Bank of America, says Karl Denninger, laments that come summer it can no longer charge 31,200% for a week’s annualized interest charged on an overdraft loan of $5 for that latte you, whoops, debt-swiped when there was no $5 in your account.  Not withstanding that the banking industry "earns" some $1,770,000,000 a year off these little transactions, the bankers’ big heart goes out to its lower income customers because, well, changes like this will "restrict credit" to those who allegedly "need" that credit most.

Says Denninger today, “I will simply observe that nobody ‘needs’ a 31,200% interest rate loan except the bank that has been given license to rob the public blind - literally.”

And adds: “If you were wondering who the Congress and Fed work for, it clearly is not you.

“The open question, and one that I cannot seem to find a reasonable answer to” says Denninger,  “is why we, the people, continue to allow both a Congress and Federal Reserve to sit in control of our government and financial system when they permit and endorse actions that constitute financial rape of such an egregious nature that absolutely everyone can understand it.”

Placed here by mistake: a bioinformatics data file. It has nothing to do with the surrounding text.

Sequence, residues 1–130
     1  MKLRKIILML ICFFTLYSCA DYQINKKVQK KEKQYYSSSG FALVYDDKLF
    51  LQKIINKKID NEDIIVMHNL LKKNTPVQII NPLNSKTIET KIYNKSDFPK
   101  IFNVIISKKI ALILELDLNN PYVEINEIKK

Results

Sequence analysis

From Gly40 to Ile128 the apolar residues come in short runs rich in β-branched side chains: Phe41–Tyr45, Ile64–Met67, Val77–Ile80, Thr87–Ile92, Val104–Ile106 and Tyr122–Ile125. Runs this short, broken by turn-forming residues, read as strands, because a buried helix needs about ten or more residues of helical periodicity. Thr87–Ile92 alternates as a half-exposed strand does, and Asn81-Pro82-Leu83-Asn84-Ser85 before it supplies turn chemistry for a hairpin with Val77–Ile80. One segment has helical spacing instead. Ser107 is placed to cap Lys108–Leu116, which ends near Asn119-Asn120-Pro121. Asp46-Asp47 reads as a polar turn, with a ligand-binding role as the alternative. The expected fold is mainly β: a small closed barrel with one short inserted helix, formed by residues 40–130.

Good question, along with Art Cashin's other "morning musings."

http://market-ticker.denninger.net/

AnonymousMonetarist's picture

'debt-swiped'

That's an original!

Me likey.

Anonymous's picture

It's a trick question because all that flummery about "when tomorrow was yesterday" HAS NOTHING WHATSOEVER TO DO WITH THE ANSWER. That because the "today" the question asks for is a day which is as close to Sunday looking forward as it is looking back. The only day of the week having that property is Sunday itself.

I suspect this was designed as a "cutting through the bullshit" question, and as we know such a skill is absolutely essential in finance, economics, and politics.

Greyzone's picture